The MISC Community Coqui Control Program expanded during November 2020 with the addition of the Akoa/Ala Olu/Makaio neighborhood. Five Ha‘ikū neighborhoods are now participating in the community program. MISC also began offering community spray nights to groups of six or fewer residents. To get involved in community efforts, fill out this form: https://bit.ly/Community-Coqui-Control-Signup or call us: 808-573-MISC (6472).
On November 19th, we held the first (online) meeting of the community coqui control advisory group. Participants included community leaders from four of the five neighborhood groups, plus a community leader not currently involved in the program. It was an excellent opportunity to bring the leaders from the different communities together and get their feedback. Terry Tolman from the Lower Kokomo neighborhood said that the coqui spray weeks “are like a barn raising with the community working together.” John Phelps raised concerns about potential impacts to the program if the pandemic affects funding. Interestingly, nearly all of the community leaders have no coqui frogs on their properties yet put in many hours of effort to control coqui in their neighborhoods. Mahalo to all of the participants in our community coqui control advisory group!
Five neighborhood groups are now participating in community-based control: Haʻikū Hill, Haʻikū Mauka, Haʻikū Makai, Lower Kokomo, and the Akoa/Ala Olu/Makaio neighborhood. The Akoa/Ala Olu/Makaio neighborhood held their first community spray week during the second week of November with eight residents participating. We hope more people will get involved as they become aware of the program. Mahalo to Bonnie and Bill Prucha for spreading the word about the program and taking charge to spray coqui around the neighborhood!
We held eight community spray weeks and three community spray nights during the fourth quarter of 2020. According to John Phelps, the captain of the Haʻikū Hill neighborhood, “Spraying each month has reduced the number of frogs on each property from hundreds to only a handful.” Community participants contributed at least 140 hours of active spraying and many hours of handling logistics, including contacting neighbors, picking up and returning equipment, and other behind-the-scenes activities. Community participants sprayed 14,255 gallons of 14% citric acid solution between October and December.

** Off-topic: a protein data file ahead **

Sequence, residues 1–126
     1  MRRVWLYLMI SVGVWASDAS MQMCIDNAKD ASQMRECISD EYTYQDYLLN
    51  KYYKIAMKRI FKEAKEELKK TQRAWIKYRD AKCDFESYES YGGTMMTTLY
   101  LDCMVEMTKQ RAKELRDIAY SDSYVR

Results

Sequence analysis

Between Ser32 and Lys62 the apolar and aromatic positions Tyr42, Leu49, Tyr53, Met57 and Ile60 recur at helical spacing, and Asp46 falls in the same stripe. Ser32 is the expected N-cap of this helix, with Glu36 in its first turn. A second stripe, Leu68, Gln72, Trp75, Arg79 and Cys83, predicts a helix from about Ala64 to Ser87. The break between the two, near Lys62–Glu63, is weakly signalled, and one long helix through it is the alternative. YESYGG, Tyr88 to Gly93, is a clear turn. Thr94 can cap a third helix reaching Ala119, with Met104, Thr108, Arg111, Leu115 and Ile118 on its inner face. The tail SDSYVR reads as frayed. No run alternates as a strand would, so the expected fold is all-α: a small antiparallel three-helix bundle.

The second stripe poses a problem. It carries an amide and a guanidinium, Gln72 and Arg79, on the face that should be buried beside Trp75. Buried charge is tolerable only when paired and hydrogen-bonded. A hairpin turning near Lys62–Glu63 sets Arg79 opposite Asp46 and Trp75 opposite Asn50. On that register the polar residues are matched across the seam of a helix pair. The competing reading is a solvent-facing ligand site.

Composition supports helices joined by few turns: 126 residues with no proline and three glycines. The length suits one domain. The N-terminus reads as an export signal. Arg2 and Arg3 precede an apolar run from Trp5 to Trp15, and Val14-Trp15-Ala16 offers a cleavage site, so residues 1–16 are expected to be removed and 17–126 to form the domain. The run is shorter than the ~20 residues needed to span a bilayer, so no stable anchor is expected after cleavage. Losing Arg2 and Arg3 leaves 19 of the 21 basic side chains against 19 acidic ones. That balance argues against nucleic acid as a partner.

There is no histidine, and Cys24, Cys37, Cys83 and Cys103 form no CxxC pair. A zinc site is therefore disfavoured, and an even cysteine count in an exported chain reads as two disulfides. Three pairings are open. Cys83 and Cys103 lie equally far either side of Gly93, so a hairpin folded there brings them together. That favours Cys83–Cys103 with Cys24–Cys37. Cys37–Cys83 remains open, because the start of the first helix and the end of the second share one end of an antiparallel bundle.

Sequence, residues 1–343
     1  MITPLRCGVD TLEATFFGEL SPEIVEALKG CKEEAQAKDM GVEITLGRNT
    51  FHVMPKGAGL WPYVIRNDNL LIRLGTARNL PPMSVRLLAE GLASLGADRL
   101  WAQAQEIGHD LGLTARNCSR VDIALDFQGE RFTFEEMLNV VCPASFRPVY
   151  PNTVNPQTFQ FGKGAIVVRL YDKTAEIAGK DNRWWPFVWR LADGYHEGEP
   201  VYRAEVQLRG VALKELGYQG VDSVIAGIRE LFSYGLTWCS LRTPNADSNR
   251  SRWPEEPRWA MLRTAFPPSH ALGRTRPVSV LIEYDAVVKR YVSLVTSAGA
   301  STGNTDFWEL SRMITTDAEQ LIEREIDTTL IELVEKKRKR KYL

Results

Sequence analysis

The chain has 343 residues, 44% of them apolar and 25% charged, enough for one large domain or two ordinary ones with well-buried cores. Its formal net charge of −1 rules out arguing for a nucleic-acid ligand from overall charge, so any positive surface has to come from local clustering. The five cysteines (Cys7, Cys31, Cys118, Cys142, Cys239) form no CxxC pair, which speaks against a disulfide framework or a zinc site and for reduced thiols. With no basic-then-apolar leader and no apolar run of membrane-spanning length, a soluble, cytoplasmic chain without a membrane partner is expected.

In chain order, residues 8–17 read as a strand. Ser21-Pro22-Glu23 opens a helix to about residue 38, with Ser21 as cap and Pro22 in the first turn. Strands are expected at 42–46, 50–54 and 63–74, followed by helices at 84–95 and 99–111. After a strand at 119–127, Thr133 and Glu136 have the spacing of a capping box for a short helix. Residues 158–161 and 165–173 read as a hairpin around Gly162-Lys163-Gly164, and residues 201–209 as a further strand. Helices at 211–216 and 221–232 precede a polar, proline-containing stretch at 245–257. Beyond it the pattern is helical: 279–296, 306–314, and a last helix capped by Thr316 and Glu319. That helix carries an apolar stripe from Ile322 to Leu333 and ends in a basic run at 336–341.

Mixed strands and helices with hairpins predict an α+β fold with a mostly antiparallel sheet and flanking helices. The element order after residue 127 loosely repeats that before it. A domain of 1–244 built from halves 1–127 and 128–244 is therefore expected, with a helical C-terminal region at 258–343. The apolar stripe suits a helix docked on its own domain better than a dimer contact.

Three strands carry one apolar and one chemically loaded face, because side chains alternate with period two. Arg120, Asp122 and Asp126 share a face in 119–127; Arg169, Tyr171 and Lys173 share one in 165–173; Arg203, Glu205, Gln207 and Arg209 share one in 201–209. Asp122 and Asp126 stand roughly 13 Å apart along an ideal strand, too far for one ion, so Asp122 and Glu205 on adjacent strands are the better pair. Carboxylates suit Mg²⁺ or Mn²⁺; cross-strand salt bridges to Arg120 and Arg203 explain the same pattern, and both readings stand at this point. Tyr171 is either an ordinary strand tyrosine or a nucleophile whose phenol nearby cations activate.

We are now offering the program to micro-neighborhoods, small groups of six or fewer neighbors working together. MISC staff provide the sprayer and training and then assist with efforts as needed. We started working with three of these micro-neighborhoods in 2020. One community person handles the logistics of rallying neighbors to participate. We will continue to work on a six-week recurring schedule and look forward to expanding this option to more areas.
The community coqui control program has grown to three staff: a coordinator and 1.5 FTE liaisons, with the addition of Carl Schwarz as a full-time position. This increased capacity is allowing us to offer the program to more residents. The community coqui control program works closely with the larger coqui crew, which mix and deliver the citric acid solution to reservoirs staged in the neighborhoods. They also drop off equipment and treat areas that are inaccessible to community participants.
Community participants received over 930 pounds of powdered citric acid through our no-contact powdered citric delivery program. Participants performed coqui control activities on 96 properties; if you need citric acid for coqui control on your own property, let us know through this form (https://bit.ly/Coqui-Maui-Public-Report-Form).
Removing frog-friendly habitat is a key element of coqui control and proper disposal of green waste helps prevent the spread of coqui frogs (and other invasive species). Through our partnership with Maui Disposal, we provided free green waste bins to the Lower Kokomo and Haiku Makai community coqui control neighborhoods. More than 5.5 tons of green waste were removed under this program!